Being super thin has gone from being a sign of starvation or illness a hundred years ago to the height of fashion today, and yet maintaining such a body weight without dying is only possible through modern technology requiring no physical work- try having that body and growing all of your own food or providing shelter for yourself, or carrying water to and from a well every day, for example. It’s like bound feet or royalty growing their nails impractically long as a sign that they could afford to not work.

    What I am saying is that sustainability ought to be about who you are not what you wear, and in this case while what the model is wearing might be sustainable, her entire existence is not.

  9. Jill Danyelle January 9, 2007 at 1:48 pm

    Hi Lisa-

    SANS is in the process of updating their website, so check back there for purchase information. This is their Spring line, so it is not in stores yet, but I know some pieces have been picked up by Kaight If you cannot find any information in a month or so, shoot them an email and I am sure they will be happy to tell you where you can find their items.

  10. Lisa January 9, 2007 at 10:17 am

    Where can I buy these dresses?

  11. Toni January 8, 2007 at 11:39 pm

    Excellent! I love the fact these are eco-friendly AND very well designed. Looking forward to seeing more.
    I like most of it, but I have to agree with you JIll, the SOCKS are pretty sweet!

  12. Jill Danyelle January 8, 2007 at 9:52 pm

    Hey Jodi-

    Actually, model weight has been a recent international issue. It happened when Spain required models to have a BMI (height to weight ratio) above 18 to participate in shows and has spread to several other countries. In fact, it was just reported on in today’s WWD.

    “NEW YORK — The Council of Fashion Designers of America is moving ahead in putting together its strategy on the global debate on weight.”

    So, while there are some changes, it is likely that most models are going to remain thinner than the average population and this is nothing new. Additionally, what comes down the runway is not always what ends up in the store, the clothes are often fit to the model. The issue rather seems that you don’t want to wear clingy clothes to avoid accentuating certain areaas. I completely understand that, but, as Jill said, I don’t see how that prohibits you from wearing other items in this line such as the jeans, t-shirts, jacket and cape top. I also second Jill’s admiration for the socks. The potential of socks as an accessory has far from been reached and I cannot wait to get myself a pair of these.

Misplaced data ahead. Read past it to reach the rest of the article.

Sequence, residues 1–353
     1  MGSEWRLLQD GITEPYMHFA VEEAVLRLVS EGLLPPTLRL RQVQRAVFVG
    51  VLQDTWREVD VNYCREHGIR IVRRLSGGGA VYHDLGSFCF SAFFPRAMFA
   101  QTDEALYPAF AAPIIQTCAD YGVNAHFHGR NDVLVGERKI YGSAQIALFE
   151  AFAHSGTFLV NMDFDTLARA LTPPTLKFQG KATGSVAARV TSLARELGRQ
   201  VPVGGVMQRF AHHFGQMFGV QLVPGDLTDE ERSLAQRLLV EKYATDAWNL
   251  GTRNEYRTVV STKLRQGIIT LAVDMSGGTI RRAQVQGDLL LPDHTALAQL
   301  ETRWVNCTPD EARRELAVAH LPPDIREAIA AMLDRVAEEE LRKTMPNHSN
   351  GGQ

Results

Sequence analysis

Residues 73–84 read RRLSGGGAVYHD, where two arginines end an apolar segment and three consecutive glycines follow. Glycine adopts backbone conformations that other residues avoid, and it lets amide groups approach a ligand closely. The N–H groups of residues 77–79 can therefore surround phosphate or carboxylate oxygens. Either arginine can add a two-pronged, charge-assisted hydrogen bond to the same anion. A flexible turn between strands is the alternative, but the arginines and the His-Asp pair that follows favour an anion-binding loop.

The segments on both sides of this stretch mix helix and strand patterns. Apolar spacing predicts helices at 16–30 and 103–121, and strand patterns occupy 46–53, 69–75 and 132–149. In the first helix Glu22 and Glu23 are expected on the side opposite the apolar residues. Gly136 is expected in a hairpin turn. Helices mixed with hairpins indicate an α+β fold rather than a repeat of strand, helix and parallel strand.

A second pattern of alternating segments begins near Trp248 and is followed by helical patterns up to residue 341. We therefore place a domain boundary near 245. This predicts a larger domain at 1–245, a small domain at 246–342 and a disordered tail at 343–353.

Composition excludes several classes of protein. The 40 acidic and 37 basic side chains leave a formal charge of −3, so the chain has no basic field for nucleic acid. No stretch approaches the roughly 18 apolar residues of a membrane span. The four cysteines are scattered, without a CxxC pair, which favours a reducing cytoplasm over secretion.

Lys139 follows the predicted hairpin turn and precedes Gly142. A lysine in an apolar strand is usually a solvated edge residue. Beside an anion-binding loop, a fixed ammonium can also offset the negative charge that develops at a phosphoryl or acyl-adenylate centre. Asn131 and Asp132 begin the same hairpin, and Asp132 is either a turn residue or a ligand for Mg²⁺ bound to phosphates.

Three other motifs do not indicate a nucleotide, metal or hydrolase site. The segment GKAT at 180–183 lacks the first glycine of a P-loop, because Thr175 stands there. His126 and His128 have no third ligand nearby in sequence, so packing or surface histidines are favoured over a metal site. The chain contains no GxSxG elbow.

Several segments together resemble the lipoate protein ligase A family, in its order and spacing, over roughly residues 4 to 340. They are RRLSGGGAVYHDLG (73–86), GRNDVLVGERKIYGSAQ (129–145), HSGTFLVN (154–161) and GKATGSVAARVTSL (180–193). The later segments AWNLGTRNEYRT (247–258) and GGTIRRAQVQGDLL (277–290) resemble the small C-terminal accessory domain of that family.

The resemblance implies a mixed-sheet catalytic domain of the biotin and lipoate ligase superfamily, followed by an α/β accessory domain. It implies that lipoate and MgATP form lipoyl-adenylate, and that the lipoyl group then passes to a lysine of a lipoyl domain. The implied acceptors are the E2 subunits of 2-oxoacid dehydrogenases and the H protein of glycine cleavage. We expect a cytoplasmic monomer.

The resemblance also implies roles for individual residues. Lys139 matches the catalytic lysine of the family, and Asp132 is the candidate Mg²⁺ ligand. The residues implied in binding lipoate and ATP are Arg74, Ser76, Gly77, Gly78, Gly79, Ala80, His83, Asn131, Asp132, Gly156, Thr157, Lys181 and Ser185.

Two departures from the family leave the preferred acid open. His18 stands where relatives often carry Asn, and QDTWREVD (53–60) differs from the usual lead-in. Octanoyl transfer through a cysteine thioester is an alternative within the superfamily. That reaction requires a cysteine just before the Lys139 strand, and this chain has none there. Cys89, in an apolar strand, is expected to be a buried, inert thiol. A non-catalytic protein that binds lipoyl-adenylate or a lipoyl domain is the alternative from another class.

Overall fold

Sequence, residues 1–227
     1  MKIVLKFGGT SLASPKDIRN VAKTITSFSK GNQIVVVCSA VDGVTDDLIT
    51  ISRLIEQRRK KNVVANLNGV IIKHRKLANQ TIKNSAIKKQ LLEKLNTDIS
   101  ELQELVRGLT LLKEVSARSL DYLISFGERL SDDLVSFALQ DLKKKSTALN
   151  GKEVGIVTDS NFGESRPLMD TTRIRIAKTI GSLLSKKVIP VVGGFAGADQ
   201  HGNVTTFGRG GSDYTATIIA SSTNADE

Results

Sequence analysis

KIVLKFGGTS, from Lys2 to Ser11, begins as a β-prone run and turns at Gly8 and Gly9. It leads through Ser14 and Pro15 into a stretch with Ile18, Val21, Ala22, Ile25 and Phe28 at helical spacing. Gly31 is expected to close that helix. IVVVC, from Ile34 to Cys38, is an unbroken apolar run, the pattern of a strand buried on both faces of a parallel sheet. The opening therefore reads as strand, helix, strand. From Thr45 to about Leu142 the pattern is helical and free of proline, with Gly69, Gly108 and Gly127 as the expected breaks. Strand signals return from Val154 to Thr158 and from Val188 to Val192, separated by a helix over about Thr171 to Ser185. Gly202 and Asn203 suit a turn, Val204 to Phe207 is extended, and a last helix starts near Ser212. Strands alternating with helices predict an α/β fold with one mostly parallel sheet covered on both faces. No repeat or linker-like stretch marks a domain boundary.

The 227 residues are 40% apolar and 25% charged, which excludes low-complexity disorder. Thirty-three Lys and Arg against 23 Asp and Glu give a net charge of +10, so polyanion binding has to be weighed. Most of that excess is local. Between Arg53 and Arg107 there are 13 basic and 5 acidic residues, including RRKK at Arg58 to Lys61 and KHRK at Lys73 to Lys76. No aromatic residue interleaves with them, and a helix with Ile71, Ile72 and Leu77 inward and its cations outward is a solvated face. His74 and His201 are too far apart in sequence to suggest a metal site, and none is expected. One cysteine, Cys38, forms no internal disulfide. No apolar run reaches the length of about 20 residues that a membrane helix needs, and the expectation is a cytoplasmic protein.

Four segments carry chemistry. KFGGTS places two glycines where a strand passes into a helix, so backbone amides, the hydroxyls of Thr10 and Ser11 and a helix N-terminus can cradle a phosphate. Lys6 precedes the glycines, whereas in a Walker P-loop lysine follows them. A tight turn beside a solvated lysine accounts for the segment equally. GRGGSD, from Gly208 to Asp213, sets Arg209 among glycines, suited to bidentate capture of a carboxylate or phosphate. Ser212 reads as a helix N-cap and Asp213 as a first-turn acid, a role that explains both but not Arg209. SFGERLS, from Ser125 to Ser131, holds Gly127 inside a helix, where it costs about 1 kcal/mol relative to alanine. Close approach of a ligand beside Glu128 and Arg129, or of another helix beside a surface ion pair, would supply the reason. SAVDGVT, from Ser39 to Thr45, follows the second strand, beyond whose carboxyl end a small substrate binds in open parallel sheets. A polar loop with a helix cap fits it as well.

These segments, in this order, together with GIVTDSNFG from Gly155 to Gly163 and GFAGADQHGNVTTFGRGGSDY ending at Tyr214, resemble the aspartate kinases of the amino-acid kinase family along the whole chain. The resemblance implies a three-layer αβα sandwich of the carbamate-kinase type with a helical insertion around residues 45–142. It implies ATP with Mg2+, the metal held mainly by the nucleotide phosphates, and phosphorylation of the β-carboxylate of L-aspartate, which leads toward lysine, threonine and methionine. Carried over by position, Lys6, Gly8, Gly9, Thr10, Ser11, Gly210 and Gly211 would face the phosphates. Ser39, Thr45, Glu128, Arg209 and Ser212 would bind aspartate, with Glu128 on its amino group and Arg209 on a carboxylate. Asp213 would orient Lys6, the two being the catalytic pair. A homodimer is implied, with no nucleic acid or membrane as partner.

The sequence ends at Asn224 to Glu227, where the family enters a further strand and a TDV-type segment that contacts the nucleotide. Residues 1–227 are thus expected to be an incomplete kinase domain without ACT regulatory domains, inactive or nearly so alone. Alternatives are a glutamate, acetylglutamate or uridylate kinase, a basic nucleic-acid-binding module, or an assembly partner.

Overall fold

So, if this isn’t your style, don’t fret. There is a growing variety of styles in eco-fashion many of which can be found online. During the last year I wrote about a store a month on I am in the process of indexing the site to make information easier to find, but until then you can also check this incomplete list. Right now probably every store is having a sale, so it may be a good time to investigate.


    Good luck!!

  13. karline January 8, 2007 at 6:48 pm

    love it, it is sculptural and simple yet very creative

  14. Jill January 8, 2007 at 3:46 pm

    Hey Jodi-

    How about the jeans, the cardigans, and especially THE SOCKS! I know they are sort of impractical, but the socks are my favorite thing in the SANS line…

    Anyways, I hear what you are saying, but I think if you look at the sans website, you will see a lot of drapey dresses, and comfy cute stuff like sweat pants, T-shirts and sweaters that really would look good on any body type. I hear you on the short, stretchy mini-dresses, but that is not the only thing that SANS does.

  15. Joanne January 8, 2007 at 3:39 pm

    Jill — it’s not true that stretchy fabrics fit any body style. For those of us who have “extra bits” here and there, showing them is the last thing we want to do. You really have to be rail thin to wear most of these clothes. They were designed to look best on a near skeletal frame. A few of the jackets may work but I certainly wouldn’t buy something like this unless I tried it on.

    Love the fabrics though

  16. Jill January 8, 2007 at 3:23 pm

    Hi Jodi-

    These models are thin of course – they are models! However, I don’t think there is anything “abnormal” about either of these two models. Frankly, these stretchy, non-form fitting garments come in a variety of sizes and would look good on any body type – so I am not really sure what the issue is here. Do you think you have to be a size 4 to wear a poncho or a stretchy cotton dress?

    In terms of “where can the average American purchase trendy, sustainable clothing” – that is a problem for all of us – skinny or not, as right now there are not a lot of stores specializing in trendy, eco-friendly fashion. I would try online.

  17. Jodi Smits Anderson January 8, 2007 at 9:07 am

    I know these are fashion models and therefore, abnormally thin and unformed. But as sustainability should be for the masses, many of which have more mass, where can the average sized american purchase trendy yet sustainable clothing?

  18. David Carlson January 8, 2007 at 5:01 am

    To me it turned into a hygiene factor to use ecological cotton. I think it is very strange that still most brands are using fabrics that pollutes and kills people and India and elsewhere.